stating that there is no duty to trespasser unless danger was hiddenSummary of this case from Golding v. Ashley Cent. Irr. Co.
June 26, 1972.
Appeal from the Third District Court of Salt Lake County, D. Frank Wilkins, J.
Macoy A. McMurray, of McKay, Burton, McMurray Thurman, Salt Lake City, for plaintiff-appellant.
Harold G. Christensen, of Worsley, Snow Christensen, Salt Lake City, for defendant-respondent.
Appeal from a dismissal of a second amended complaint in a suit brought to recover damages for injuries to a nine-year-old child suffered when he fell from a second-story ledge of a house under construction. Affirmed with costs to defendant.
Plaintiff's complaint obviously was patterned after factual requirements of Section 339, Restatement of Torts, which states in sweeping terms a liability for injuries suffered by curious young children trespassing on another's property. Plaintiff suggests that we adopt the section and make it applicable to almost all such injuries, including those occurring on building construction sites. We are not constrained to respond to such urgence, and prefer to examine each case as it arises in the light of our own previous pronouncements on this and kindred kinds of cases, and of respectable authority of sister states. Some of such cases are collated in Brinkerhoff v. Salt Lake City, 13 Utah 2d 214, 371 P.2d 211 (1962), which see. We believe that our recent case of Taylor v. United Homes, 21 Utah 2d 304, 45 P.2d 140 (1968), reflects our views on cases where children are injured in home construction cases. The facts there almost parallel those alleged here. In that case a ten-year-old girl fell from the second floor of a partially-constructed house. The only substantial difference was that the contractor did not know of any dangerous condition, as is alleged here. We pointed that fact out to make it clear that Section 339 did not apply since one factor necessary to satisfy it obviously was missing. We did not suggest that had it been present we would have arrived at a different conclusion. The necessary implication found in the Taylor case was that, not being a spring-gun case, nor a turntable case, nor an attractive nuisance case, nor a licensee or invitee case, it was a trespasser case in a home construction atmosphere, — the type of case in which the authorities generally deny recovery. We might have added "unless the danger was hidden or planted, where the owner has been guilty of wilful or wanton conduct, or the like."
We can see both virtues and vices in Section 339, but cannot subscribe to its application to all cases that might satisfy its general requirements, but which because of public policy or other legitimate reasons require noncompensability for injury sustained under circumstances taking it out of the principle enunciated therein. The title of such Section reflects its nonuniversality when it says "Artificial Conditions Highly Dangerous to Trespassing Children," — which seemingly eliminates run-of-the-mill home construction cases, where any danger reasonably is as observable by a child as it would be to an adult. The parent hardly can expect to be entitled to delegate its own duy of care to prevent its children from trespassing, to one expected to have an even higher duty of care, who simply is exercising his legal rights on his own legal property, without overt enticement of anyone, hidden traps for anyone or wilful intention to harm anyone.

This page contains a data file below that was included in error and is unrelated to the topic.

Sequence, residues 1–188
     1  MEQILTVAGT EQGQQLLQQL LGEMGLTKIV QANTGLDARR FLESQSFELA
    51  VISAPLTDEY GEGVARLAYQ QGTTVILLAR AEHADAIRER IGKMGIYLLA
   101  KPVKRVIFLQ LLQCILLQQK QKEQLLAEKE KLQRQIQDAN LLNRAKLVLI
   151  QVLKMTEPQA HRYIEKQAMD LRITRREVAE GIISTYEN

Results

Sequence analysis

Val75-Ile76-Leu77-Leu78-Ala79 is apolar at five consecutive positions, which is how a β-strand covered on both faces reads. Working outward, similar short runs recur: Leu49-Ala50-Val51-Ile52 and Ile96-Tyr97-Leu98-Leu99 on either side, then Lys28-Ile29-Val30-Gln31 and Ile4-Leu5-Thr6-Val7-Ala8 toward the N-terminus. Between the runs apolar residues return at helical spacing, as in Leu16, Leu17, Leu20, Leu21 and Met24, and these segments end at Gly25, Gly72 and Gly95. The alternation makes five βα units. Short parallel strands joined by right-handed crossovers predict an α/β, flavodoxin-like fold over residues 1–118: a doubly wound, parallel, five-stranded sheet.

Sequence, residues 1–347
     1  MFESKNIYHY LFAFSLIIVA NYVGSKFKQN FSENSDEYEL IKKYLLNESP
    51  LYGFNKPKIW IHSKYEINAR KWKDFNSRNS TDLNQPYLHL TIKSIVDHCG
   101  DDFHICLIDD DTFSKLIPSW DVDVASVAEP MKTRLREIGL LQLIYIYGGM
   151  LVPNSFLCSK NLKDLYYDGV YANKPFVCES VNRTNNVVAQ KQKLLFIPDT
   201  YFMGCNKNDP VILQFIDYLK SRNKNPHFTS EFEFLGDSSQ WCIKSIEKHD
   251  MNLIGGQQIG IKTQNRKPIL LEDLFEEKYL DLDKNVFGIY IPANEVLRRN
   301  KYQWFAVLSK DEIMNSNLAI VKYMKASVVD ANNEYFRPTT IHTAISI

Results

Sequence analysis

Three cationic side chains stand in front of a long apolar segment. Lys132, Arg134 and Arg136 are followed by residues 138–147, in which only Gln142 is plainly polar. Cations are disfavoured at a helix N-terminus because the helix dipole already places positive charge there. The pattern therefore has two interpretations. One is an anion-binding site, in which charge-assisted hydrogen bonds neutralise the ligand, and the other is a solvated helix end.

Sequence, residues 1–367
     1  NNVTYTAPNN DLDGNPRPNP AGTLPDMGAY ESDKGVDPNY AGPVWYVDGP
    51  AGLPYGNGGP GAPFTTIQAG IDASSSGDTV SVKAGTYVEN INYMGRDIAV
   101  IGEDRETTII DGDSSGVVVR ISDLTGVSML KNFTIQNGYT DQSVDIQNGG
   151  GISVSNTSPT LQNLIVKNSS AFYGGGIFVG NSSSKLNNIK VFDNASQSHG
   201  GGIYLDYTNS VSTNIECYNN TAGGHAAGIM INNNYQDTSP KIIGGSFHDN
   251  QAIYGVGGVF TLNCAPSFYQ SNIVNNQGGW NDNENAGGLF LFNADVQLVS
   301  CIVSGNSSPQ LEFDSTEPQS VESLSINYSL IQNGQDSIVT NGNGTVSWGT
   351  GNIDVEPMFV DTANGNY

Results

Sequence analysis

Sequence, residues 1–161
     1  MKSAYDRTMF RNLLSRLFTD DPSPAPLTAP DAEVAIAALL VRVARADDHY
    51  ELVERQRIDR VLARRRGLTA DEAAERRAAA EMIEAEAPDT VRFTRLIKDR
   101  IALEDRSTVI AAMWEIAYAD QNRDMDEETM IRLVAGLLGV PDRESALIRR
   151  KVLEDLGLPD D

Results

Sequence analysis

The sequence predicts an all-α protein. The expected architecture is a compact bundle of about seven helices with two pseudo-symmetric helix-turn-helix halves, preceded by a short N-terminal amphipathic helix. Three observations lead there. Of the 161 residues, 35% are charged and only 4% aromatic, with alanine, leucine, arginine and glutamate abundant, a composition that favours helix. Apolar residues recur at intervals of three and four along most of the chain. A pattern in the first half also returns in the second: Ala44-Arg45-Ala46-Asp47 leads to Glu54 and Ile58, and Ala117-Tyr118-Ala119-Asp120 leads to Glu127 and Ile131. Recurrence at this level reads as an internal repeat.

Under the allegations of plaintiff's second amended complaint, the owner is alleged to have left a door unlocked at the rear of the partially-built house, which the child opened; that the latter then climbed to the second floor and fell off a ledge which for aught the complaint reveals was in plain sight of anyone to see, child or adult. The thrust of plaintiff's argument in substance and effect is no more than that one who is building a house should enclose it with a fence, failing which, Section 339 allows recovery, and that ergo, we should adopt and apply the section to the facts of this case. The same sort of argument could be advanced by saying there could be a recovery even if a fence were built and a kid, climbing it, fell off the fence, plaintiff pleading that the owner should have built it higher. In other words it appears to us that plaintiff is holding out for a doctrine of insurability against injury by invoking an as yet unespoused philosophy of absolute liability and its corollary of liability without fault. We are not constrained to go along with such a philosophy at this time and therefore we affirm the dismissal.
CALLISTER, C. J., and TUCKETT, ELLETT, and CROCKETT, JJ., concur.